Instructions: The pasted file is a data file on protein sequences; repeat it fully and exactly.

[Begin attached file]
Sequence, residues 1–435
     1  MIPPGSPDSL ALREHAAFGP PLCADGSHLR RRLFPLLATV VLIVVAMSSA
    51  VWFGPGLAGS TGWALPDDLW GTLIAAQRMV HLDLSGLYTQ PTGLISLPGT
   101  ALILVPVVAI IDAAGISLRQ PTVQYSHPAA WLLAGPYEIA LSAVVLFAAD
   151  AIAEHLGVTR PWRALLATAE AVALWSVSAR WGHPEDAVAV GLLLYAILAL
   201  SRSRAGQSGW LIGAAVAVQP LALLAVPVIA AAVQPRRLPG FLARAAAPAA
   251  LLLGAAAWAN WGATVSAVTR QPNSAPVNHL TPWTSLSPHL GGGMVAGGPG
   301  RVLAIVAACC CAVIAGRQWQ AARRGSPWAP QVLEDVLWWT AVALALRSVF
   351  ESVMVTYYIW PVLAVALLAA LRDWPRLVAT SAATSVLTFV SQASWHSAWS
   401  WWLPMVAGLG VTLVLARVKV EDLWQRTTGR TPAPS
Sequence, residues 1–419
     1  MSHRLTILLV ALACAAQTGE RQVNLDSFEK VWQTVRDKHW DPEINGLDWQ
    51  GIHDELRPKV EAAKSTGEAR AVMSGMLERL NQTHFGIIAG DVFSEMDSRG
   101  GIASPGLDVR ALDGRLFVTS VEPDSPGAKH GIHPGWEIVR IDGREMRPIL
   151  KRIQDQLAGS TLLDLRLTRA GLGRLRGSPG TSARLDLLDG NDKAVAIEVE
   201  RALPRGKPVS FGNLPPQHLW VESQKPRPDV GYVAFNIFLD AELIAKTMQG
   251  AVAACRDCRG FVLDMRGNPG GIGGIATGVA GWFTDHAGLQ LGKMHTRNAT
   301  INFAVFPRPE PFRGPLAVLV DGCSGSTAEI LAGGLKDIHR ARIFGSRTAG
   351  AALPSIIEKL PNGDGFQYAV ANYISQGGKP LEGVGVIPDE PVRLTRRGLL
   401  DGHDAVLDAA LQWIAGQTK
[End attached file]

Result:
Sequence, residues 1–435
     1  MIPPGSPDSL ALREHAAFGP PLCADGSHLR RRLFPLLATV VLIVVAMSSA
    51  VWFGPGLAGS TGWALPDDLW GTLIAAQRMV HLDLSGLYTQ PTGLISLPGT
   101  ALILVPVVAI IDAAGISLRQ PTVQYSHPAA WLLAGPYEIA LSAVVLFAAD
   151  AIAEHLGVTR PWRALLATAE AVALWSVSAR WGHPEDAVAV GLLLYAILAL
   201  SRSRAGQSGW LIGAAVAVQP LALLAVPVIA AAVQPRRLPG FLARAAAPAA
   251  LLLGAAAWAN WGATVSAVTR QPNSAPVNHL TPWTSLSPHL GGGMVAGGPG
   301  RVLAIVAACC CAVIAGRQWQ AARRGSPWAP QVLEDVLWWT AVALALRSVF
   351  ESVMVTYYIW PVLAVALLAA LRDWPRLVAT SAATSVLTFV SQASWHSAWS
   401  WWLPMVAGLG VTLVLARVKV EDLWQRTTGR TPAPS
Sequence, residues 1–419
     1  MSHRLTILLV ALACAAQTGE RQVNLDSFEK VWQTVRDKHW DPEINGLDWQ
    51  GIHDELRPKV EAAKSTGEAR AVMSGMLERL NQTHFGIIAG DVFSEMDSRG
   101  GIASPGLDVR ALDGRLFVTS VEPDSPGAKH GIHPGWEIVR IDGREMRPIL
   151  KRIQDQLAGS TLLDLRLTRA GLGRLRGSPG TSARLDLLDG NDKAVAIEVE
   201  RALPRGKPVS FGNLPPQHLW VESQKPRPDV GYVAFNIFLD AELIAKTMQG
   251  AVAACRDCRG FVLDMRGNPG GIGGIATGVA GWFTDHAGLQ LGKMHTRNAT
   301  INFAVFPRPE PFRGPLAVLV DGCSGSTAEI LAGGLKDIHR ARIFGSRTAG
   351  AALPSIIEKL PNGDGFQYAV ANYISQGGKP LEGVGVIPDE PVRLTRRGLL
   401  DGHDAVLDAA LQWIAGQTK